The Commens Dictionary

Quote from ‘One, Two, Three: Kantian Categories’


We have to suppose that in looking into the indefinite past we are looking into back towards times when the element of law played an indefinitely small part in the universe.

If the universe is thus progressing from a state of all but pure chance to a state of all but complete determination by law, we must suppose that there is an original, elemental, tendency of things to acquire determinate properties, to take habits. This is the Third or mediating element between chance, which brings forth First and original events, and law which produces sequences or Seconds. Now this tendency to take habits is something essentially finite in amount, an infinitely strong tendency of this sort [unlike an absolute conformity to law] is inconceivable and self-contradictory. Consequently this tendency must itself have been gradually evolved; and it would evidently tend to strengthen itself.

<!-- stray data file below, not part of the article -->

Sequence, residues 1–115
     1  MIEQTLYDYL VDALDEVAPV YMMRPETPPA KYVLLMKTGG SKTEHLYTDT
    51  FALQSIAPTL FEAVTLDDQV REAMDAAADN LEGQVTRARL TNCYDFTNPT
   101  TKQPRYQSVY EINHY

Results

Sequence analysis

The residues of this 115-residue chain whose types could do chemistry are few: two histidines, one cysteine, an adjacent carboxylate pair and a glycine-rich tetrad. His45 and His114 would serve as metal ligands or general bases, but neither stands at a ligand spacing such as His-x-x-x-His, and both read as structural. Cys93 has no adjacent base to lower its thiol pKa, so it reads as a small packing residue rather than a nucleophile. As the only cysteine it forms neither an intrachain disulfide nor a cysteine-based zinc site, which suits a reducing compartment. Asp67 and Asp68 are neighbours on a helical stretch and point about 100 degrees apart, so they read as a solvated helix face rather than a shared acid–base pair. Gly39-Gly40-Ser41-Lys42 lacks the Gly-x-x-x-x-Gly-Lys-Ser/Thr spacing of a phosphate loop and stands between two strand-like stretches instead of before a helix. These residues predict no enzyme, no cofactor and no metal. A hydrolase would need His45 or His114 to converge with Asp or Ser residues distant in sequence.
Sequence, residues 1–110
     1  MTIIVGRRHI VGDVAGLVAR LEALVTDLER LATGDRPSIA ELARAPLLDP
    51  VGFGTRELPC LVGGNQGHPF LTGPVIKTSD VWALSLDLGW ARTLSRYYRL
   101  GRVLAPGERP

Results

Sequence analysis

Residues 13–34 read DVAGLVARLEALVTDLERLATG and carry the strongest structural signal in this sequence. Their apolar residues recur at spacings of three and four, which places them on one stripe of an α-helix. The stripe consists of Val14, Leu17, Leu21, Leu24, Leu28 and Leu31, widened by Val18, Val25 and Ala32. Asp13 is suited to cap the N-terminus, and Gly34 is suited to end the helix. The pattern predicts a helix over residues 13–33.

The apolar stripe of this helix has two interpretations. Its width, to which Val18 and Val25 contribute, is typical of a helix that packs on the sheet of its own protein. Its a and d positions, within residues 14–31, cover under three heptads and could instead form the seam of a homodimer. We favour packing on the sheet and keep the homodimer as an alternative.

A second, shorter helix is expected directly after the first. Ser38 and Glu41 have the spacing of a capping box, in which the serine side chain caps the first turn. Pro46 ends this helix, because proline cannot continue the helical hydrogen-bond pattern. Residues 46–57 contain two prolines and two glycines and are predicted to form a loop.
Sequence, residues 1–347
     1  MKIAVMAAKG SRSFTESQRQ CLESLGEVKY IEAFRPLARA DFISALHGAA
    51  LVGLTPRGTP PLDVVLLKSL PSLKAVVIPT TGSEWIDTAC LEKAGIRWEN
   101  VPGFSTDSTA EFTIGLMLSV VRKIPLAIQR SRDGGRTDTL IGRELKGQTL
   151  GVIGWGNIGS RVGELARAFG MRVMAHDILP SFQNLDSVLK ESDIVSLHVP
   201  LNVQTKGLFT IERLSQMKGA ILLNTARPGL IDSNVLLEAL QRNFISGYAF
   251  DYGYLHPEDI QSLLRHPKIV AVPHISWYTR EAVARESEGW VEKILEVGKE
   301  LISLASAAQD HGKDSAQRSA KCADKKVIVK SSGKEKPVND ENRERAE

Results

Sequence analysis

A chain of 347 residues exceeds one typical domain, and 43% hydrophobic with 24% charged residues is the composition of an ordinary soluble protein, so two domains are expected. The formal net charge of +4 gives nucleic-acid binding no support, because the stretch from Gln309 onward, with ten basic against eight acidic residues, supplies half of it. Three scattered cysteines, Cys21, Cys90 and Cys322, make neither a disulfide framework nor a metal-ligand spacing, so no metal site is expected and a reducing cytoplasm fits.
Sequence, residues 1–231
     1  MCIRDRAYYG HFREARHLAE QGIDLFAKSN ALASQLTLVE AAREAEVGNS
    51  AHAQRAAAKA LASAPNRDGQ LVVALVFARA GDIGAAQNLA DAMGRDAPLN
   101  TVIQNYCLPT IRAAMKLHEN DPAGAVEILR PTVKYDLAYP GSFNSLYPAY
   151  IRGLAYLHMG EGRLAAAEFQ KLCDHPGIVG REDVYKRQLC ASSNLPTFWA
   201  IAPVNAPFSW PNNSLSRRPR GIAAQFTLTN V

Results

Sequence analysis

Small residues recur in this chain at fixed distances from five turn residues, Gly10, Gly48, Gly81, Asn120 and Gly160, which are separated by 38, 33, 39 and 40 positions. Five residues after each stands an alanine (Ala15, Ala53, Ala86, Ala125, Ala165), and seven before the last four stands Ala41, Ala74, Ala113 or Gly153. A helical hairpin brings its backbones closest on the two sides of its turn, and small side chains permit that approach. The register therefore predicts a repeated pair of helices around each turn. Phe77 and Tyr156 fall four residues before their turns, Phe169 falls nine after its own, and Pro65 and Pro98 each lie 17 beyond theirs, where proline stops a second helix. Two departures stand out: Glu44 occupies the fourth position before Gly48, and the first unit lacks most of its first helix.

Here is a rational physical hypothesis, which is calculated to account, or all but account for everything in the universe except pure originality itself.

W 5:293
‘Habit-taking’ (pub. 20.10.15-19:22). Quote in M. Bergman & S. Paavola (Eds.), The Commens Dictionary: Peirce's Terms in His Own Words. New Edition. Retrieved from
Oct 20, 2015, 19:22 by Mats Bergman
Last revised: 
Oct 21, 2015, 10:29 by Mats Bergman